The first four issues of this second season of Morrison and Sharp’s Green Lantern were real hit and miss affairs for me. I mean, I kind of appreciated what they were doing, playing with funnybook genre, with Sharp trying out different art styles to match the stories as they went. It was fun enough, and (being a Morrison comic) I knew it was all leading somewhere. But it’s really only with these two most recent issues that the book really clicked for me.

Issue 5 sees Hal Jordan facing off with an outer space version of the Superman Family, but one that embraces all the negative emotions inherent in the Superman premise instead of the positive ones the real Superman is built upon. The thing that makes it work for me, though, is that these characters really embrace the whole premise, respectable secret identities and all. So they’re not raving psychopaths. They’re more like the asshole yuppie neighbors who secretly spend their weekends torturing puppies and having sleazy affairs on the bad side of town. Except it’s Superman.

Anyway. Even though he wins, that fight doesn’t go so well for Hal, and he’s taken to Sector General space hospital in issue 6. And that, of course, is when the anti-matter universe Qua-Men finally launch the attack we saw them starting at the end of the Blackstars mini-series. And it’s a great tense action issue, with Green Lanterns getting taken out by anti-matter snipers, a hospital full of innocents who have to be taken to safety, and a critically-injured Hal facing off against his anti-matter duplicate. This fight doesn’t go much better for him than the one in the previous issue, and it all ends with Morrison revisiting a moment of Green Lantern history that NObody was clamoring for:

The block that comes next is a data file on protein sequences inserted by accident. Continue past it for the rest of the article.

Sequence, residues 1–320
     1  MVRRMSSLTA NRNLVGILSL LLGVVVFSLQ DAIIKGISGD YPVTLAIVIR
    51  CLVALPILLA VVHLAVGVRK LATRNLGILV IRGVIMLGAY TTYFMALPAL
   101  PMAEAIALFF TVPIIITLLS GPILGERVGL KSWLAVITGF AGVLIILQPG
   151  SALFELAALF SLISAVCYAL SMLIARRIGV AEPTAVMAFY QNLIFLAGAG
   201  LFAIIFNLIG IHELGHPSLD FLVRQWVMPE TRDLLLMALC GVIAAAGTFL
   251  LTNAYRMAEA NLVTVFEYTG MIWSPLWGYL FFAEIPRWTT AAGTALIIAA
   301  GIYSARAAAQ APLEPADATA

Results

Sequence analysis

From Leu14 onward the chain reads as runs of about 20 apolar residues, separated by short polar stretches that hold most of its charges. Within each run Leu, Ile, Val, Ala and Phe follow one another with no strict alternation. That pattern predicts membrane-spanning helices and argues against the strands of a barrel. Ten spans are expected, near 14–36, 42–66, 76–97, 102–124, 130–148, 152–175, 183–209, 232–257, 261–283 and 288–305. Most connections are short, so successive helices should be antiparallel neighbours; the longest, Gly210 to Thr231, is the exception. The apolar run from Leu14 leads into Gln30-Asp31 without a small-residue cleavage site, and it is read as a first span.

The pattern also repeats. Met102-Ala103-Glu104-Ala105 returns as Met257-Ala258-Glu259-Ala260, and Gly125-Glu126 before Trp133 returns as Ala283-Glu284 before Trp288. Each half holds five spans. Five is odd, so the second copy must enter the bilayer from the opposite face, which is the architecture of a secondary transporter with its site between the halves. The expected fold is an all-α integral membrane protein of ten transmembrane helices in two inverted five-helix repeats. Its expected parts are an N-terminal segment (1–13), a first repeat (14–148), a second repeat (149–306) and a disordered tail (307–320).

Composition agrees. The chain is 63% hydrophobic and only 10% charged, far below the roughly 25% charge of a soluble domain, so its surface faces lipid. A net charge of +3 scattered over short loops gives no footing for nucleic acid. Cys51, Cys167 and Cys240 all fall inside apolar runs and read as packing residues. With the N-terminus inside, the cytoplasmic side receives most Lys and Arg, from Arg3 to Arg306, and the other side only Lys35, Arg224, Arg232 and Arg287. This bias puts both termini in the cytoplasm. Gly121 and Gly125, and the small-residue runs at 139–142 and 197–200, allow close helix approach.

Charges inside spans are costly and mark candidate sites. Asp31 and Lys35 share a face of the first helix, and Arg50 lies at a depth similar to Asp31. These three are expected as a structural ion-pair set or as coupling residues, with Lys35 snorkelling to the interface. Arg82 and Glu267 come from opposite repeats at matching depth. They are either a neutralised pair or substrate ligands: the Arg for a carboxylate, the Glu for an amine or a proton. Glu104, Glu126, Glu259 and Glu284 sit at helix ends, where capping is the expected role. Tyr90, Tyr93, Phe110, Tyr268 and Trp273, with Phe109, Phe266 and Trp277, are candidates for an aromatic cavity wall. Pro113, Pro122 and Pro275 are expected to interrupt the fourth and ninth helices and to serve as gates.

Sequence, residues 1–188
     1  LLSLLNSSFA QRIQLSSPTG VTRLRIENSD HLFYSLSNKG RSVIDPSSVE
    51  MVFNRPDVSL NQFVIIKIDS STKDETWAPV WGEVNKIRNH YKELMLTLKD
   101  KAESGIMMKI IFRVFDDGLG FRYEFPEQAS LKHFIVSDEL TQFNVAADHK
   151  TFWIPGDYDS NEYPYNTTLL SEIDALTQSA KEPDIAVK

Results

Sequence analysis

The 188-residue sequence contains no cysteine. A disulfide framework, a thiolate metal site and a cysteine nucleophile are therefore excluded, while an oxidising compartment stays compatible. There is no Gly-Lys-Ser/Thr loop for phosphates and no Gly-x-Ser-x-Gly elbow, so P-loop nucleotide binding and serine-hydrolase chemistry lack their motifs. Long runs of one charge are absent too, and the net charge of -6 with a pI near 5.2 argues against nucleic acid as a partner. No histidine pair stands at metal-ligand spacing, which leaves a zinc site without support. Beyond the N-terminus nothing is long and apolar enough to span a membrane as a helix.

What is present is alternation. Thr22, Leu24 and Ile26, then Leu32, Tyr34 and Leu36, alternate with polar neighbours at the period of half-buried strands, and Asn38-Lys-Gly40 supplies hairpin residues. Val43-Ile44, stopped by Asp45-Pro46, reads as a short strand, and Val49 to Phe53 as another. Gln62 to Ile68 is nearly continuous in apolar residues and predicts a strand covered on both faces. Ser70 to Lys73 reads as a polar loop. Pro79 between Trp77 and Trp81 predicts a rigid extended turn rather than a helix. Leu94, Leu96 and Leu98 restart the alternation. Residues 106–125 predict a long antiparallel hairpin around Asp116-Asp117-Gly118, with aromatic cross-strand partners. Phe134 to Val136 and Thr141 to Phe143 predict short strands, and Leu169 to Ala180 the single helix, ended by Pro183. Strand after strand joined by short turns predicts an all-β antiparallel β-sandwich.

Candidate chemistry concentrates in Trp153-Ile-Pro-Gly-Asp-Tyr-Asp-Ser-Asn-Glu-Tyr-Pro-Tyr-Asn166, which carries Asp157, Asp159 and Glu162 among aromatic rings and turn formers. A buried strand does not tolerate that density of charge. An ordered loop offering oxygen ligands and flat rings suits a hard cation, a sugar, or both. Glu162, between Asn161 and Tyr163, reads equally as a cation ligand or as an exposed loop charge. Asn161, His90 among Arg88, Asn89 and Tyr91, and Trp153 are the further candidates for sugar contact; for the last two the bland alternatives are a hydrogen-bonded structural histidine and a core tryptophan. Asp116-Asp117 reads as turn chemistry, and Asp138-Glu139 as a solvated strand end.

It’s all great fun, and the stories come together better than the previous four did, as well. So I’m back on track with this book now, and can’t wait to see where the back half of it takes us.

Sex Criminals 30
by Matt Fraction and Chip Zdarsky

When I started reading this comic, I thought it was the final issue. And, you know, I can see why. They even did a fancy homage to the cover of issue one:

So I also thought it was really clever that they were ending the book on issue XXX. But much to my surprise, there’s one more to go! And what they’re doing for that is REALLY clever: the story really does more or less wrap up here, but for the final issue epilogue, they’re skipping ahead exactly enough months to make their final issue #69!